Mr John Johnstone of Jardines’, who made his name first in Shanghai, came down to ride here at the Annual Meeting.
For his own mounts, he added to the Ewo colours silver buttons and a cerise cap.
November, John Johnstone, riding for F.B. Marshall, who was a Steward, won four races for him in succession.
WILLOW TREE, PERSIMMON TREE, CYPRESS TREE, and CHERRY TREE won the Criterion Stakes, the Fah Wah Stakes, the St. Leger, and the Autumn Cup respectively.
As if this was not enough, John Johnstone went on to win the Eclipse Stakes on the Ewo (Jardine) pony, DRUMLITHIE.
New Steward came the Hon. Mr C. H. Ross of Jardines.
Mr A. J. P. jong , “Johnny” to all his friends, made what seems to have been his first appearance on the Hong Kong course, when he rode for John Peel.
Later he settled permanently in Hong Kong, being a member of Jardines’ staff.
Other new Steward was Mr C. E. Anton of Jardines.
“Ewo Handicap”, unofficial, graced the programmes at the Extra Meetings. The riders were all of the Ewo personnel; but sometimes champion jockeys were quite formidably mounted on borrowed steeds.
Mr W. E. L. Shenton of Deacons (later the Hon. Sir William) raced in partnership with Mr F. C. Hall of Jardine’s.
The Hong Kong Race Club created itself by the Japanese to succeed the Hong Kong Jockey Club
—but the Jockey Club lived on regardless.
1942-02-09 a meeting of the surviving Stewards was held in the internment camp at Stanley.
Mr Percy Tester was in the chair.
Mr Tester as the senior surviving Steward became acting Chairman and with his team set about restoration of the Club and the Racecourse, and resumption of racing.
1945-11-17 a general meeting was held of all persons who were members of the Club on December 25, 1941.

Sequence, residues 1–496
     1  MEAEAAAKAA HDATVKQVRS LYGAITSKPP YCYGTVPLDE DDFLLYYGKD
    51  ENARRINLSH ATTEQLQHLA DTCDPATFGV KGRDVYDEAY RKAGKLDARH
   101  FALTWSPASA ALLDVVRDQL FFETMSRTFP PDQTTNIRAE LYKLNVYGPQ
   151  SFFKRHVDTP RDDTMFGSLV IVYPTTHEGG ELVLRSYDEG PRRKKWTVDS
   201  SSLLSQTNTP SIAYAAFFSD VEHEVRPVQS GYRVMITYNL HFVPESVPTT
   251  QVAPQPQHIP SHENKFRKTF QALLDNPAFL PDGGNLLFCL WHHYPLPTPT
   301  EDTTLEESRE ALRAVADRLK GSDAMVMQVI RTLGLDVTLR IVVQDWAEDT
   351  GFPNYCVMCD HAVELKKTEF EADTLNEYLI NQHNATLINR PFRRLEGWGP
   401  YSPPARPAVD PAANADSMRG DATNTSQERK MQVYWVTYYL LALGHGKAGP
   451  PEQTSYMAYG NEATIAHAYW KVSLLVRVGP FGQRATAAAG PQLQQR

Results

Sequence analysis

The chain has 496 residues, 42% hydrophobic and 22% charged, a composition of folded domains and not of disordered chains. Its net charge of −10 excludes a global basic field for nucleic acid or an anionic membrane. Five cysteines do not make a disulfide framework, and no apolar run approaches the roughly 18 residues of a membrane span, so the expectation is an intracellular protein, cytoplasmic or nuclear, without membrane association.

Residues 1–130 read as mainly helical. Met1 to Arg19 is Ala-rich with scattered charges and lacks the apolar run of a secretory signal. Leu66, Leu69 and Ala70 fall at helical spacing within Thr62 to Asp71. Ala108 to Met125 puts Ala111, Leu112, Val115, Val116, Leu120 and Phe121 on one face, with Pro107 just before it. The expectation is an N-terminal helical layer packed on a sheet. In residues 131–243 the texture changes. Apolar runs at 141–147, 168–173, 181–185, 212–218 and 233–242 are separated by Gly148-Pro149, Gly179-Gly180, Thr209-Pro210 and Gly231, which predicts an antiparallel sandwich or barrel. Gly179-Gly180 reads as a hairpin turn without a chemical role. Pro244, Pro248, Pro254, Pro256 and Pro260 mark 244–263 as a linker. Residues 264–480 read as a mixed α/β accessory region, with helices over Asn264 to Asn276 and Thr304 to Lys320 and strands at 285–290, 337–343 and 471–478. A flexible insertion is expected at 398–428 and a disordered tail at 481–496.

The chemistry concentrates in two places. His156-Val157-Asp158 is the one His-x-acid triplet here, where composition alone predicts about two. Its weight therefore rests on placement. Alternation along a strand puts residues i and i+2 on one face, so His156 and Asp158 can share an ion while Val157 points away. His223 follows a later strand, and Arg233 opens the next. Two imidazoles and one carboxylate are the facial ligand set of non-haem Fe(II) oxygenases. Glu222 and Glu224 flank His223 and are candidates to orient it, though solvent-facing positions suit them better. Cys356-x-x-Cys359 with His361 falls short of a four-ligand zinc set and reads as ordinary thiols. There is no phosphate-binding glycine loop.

Mr Tester presided and there was a good attendance.
The Club suffered a saddening loss, on 1950-04-23, Mr Percy Tester passed away, aged 70.
The Jardine legends in Hong Kong keep going in the stewardship and the trophy race.
The omnipresent Jardine members still run an Ewo Cup.
That used to be held for Jardine personnel only, enjoyable for those who raced, a hazard for those who did not, because all Jardine men were expected to enter for the race.
Those who did not own a racing pony had to borrow one, and the last rider in received a wooden spoon with a bowl large enough to hold a pint of whisky.
Hong Kong racing has been in the era of profession but the English schoolboy tradition dies hard.
Pantagruel, son of the two fictional giants in adventures, was stigmatized as obscene in a social climate of increasing religious oppression. The novel was treated with suspicion, and contemporaries avoided mentioning it.
The original book is a single novel consisting of five volumes, they were published from 1532 to 1564.
Drumlithie is a village in the northeast of Scotland. The name Drumlithie is thought to be derived from the old meaning of a Drum, being the ridge of a slope or hillside, and Lithie could possibly mean “Grey Place”.
Acknowledgement to HKJC Racing Registry for offering record data.